Interest Expense.  Interest expense decreased to $4,000 in the first quarter of 2010 from $41,000 in the first quarter of 2009 due to the final liquidation of our capital lease obligations.

 

Unrealized Loss on Investment Securities.  An impairment loss of $728,000 on our investments in auction rate securities and a related put option was reflected in the first quarter of fiscal 2009 due primarily to the declining interest rates on such securities.

 

Income Tax Expense.  Income tax expense increased $2.7 million, or 64.7%, to $6.8 million in this year’s first quarter from $4.1 million in the first quarter of 2009 due to an increase in pretax income, together with an increase in the effective income tax rate to 35.3% from 34.2% as the result of tax credits increasing at a lower rate than pretax income.

 

Net Income.  Net income increased 57.0% to $12.4 million in the first quarter of 2010 from $7.9 million in the first quarter of 2009 due to the factors discussed above.

 

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Liquidity and Capital Resources

 

Our cash requirements are primarily for working capital, expansion of our distribution infrastructure, opening of new stores, remodeling of our existing stores and the improvement of our information systems. Historically, we have met these cash requirements from cash flow from operations, short-term trade credit, borrowings under our revolving lines of credit, long-term debt, capital leases, and cash proceeds from our initial public offering in 2005.  We expect to be able to meet future cash requirements with cash flow from operations, short-term trade credit, existing cash balances and, if necessary, borrowings under our revolving credit facility.

 

Current Financial Condition. As of  May 1, 2010, we had total cash and cash equivalents of $83.4 million compared with total cash and cash equivalents of $63.0 million as of January 30, 2010. Inventory represented 32.8% of our total assets as of May 1, 2010. Management’s ability to manage our inventory can have a significant impact on our cash flows from operations during a given interim period or fiscal year. In addition, inventory purchases can be seasonal in nature, such as the purchase of warm-weather or Christmas-related merchandise.  Total inventories at the end of the first quarter of 2010 were up $11.1 million, or 13.1%, compared to the first quarter of fiscal 2009, while store selling square footage increased 17.2%.  Inventory in comparable stores was 3.5% lower than the first quarter of fiscal 2009 due to our efforts to conservatively control our investment in inventory.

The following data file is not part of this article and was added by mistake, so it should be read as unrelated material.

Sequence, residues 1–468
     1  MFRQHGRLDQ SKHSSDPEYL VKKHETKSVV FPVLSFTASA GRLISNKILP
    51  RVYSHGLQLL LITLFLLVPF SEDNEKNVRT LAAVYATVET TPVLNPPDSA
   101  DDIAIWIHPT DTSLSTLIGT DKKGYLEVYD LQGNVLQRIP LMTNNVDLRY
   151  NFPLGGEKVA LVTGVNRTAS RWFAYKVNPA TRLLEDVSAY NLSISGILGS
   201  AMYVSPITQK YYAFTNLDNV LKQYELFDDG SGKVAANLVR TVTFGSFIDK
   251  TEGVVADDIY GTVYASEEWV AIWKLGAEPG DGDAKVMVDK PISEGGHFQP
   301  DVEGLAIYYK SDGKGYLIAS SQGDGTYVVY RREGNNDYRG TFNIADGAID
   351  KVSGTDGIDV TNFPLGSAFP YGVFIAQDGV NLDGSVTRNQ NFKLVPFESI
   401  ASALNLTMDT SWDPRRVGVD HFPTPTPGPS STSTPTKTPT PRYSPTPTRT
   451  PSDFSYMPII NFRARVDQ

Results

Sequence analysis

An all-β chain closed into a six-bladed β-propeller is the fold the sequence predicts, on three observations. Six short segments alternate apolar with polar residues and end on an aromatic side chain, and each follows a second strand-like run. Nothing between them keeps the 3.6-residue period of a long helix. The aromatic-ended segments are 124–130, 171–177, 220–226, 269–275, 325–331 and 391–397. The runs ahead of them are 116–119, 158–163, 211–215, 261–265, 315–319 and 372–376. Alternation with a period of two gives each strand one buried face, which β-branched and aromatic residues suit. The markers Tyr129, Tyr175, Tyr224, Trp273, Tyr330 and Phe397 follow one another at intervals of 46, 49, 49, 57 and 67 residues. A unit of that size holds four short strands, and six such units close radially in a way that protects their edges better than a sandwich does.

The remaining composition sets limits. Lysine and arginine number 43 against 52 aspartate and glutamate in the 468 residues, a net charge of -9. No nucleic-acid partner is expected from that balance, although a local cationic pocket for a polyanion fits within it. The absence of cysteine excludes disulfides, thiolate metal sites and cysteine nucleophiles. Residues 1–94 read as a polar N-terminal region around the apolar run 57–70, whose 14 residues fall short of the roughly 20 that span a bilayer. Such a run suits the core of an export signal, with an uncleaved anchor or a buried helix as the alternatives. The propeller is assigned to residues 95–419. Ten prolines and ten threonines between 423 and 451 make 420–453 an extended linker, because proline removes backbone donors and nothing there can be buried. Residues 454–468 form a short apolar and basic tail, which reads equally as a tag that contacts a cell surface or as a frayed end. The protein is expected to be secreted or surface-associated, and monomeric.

Cash Flows From Operating Activities. Net cash provided by operating activities was $22.2 million in the first quarter of fiscal 2010 compared to $15.1 million in the first quarter of fiscal 2009.  The main source of cash provided during the first quarter of fiscal 2010 was net income adjusted for noncash expenses such as depreciation and amortization, loss on disposal of property and equipment, deferred income taxes and stock-based compensation expense, totaling $18.7 million (compared to $12.7 million in last year’s first quarter).  Other significant sources of cash in the first quarter of fiscal 2010 were (1) a $5.2 million decrease in inventory (compared to $1.6 million in the first quarter of fiscal 2009) due to strong sales in the first quarter, including a shift in sales from January to February as discussed in the “Results of Operations” section above, as well as ongoing efforts to conservatively manage inventory, (2) a $2.3 million increase in income tax payable (compared to $3.9 million in the first quarter of fiscal 2009) resulting primarily from an increase in pretax income, and (3) a $1.3 million decrease in the liability for layaway deposits (compared to $1.0 million in the first quarter of fiscal 2009) due to the seasonality of layaway balances which are low at the end of our fiscal year, because all balances have to be redeemed by customers or they are cancelled by the middle of December each year.  Significant uses of cash included (1) a $2.5 million decrease in accrued compensation (compared to $2.2 million in last year’s first quarter) as a result of the payment of the prior year’s annual accrued incentive compensation in the first quarter and due to the accrual for our bi-weekly payroll including one week of payroll at the end of the first quarter compared with two weeks at the end of the fiscal year, and (2) a $1.4 million decrease in accounts payable (compared to $4.4 million in last year’s first quarter) due to the timing of payments made for spring merchandise purchases.